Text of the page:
The lawsuit was filed in United States District Court in Miami, Florida, where Bahamas-based FTX had recently purchased the naming rights to the Miami Heat’s home arena.

It claims that plaintiff Edwin Garrison, of Oklahoma, bought unregistered stock from FTX and funded it “with enough cryptocurrency to earn interest on his holdings.” Garrison claims he decided to invest with FTX after being exposed to “false statements and omissions” on the platform.

Because Brady, Ortiz and other listed defendants acted as brand ambassadors, the lawsuit holds them liable for the damages suffered by the investors.

Other famous defendants include supermodel Gisele Bundchen, “Shark Tank” investor Kevin O’Leary, Miami Heat player Udonis Haslem, Golden State Warriors player Stephen Curry and his entire team, former NBA Shaquille O’Neal, Jacksonville Jaguars quarterback William Trevor Lawrence, Los Angeles Angels player Shohei Ohtani, tennis player Naomi Osaka and actor-comedian-writer Larry David. FTX founder and former CEO Sam Bankman-Fried is also named as a defendant.

“Part of the scheme used by the FTX entities involved using some of the biggest names in sports and entertainment, such as these defendants, to raise money and get American consumers to invest in[interest bearing accounts]which were being offered and sold largely from the FTX entities internal operating base here in Miami, Florida pouring billions of dollars into the deceptive FTX platform to keep the whole scheme afloat,” the lawsuit states.

One of the counts included in the lawsuit is a charge of civil conspiracy.

“The FTX Entities and the Defendants made numerous misrepresentations and omissions to the Plaintiff and Class Members on the Deceptive FTX Platform in order to induce confidence and induce consumers to invest in what was ultimately a Ponzi scheme, misleading customers and potential customers under the false impression that any cryptocurrency assets held on the deceptive FTX platform were secure and were not being invested in unregistered securities,” the lawsuit states.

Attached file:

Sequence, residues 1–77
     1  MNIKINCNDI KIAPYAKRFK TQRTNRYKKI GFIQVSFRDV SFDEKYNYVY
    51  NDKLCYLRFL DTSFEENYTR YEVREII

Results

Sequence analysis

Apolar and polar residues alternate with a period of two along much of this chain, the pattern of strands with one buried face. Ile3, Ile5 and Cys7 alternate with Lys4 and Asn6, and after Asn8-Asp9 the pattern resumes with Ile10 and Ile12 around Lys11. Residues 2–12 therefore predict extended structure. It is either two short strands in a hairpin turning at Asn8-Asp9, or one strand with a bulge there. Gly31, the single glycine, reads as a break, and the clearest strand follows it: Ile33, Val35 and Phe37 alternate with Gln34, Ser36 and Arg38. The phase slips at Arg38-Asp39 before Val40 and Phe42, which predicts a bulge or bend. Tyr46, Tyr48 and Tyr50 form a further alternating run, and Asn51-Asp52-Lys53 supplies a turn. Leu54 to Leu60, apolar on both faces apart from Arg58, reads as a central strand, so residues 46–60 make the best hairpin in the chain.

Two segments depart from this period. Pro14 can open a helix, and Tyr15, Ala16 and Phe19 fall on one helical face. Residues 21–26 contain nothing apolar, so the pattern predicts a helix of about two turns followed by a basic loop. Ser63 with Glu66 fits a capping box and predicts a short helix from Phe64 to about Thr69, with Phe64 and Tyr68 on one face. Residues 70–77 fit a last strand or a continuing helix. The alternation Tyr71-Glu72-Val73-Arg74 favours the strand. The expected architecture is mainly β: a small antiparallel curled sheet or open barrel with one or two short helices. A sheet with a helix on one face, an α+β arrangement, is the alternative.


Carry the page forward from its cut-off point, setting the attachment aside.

FTX filed for bankruptcy protection on Friday, sending tsunami-like waves through the cryptocurrency industry, which has seen its fair share of volatility and turmoil this year, including a sharp drop in the price of bitcoin and other digital assets. Other cryptocurrency companies are failing due to the unraveling of FTX, events reminiscent of the domino crashes of the 2008 financial crisis.

Just days after the collapse of FTX, the public is starting to get a sense of just how complicated the bankruptcy case can be. Users remain frustratingly in the dark about when they might get their funds back, if at all.

In a court filing, FTX’s attorneys said there were already more than 100,000 claims against the company and estimated that figure could grow to more than 1 million, most of them clients, once the case settles. will have been completed. The court ordered FTX to provide at least a list of the company’s 50 largest creditors by Nov. 18.

Meanwhile, the Associated Press reported that FTX and its CEO are under investigation by the Justice Department and the Securities and Exchange Commission to determine whether they committed criminal activity or securities offenses.

The Associated Press contributed to this report.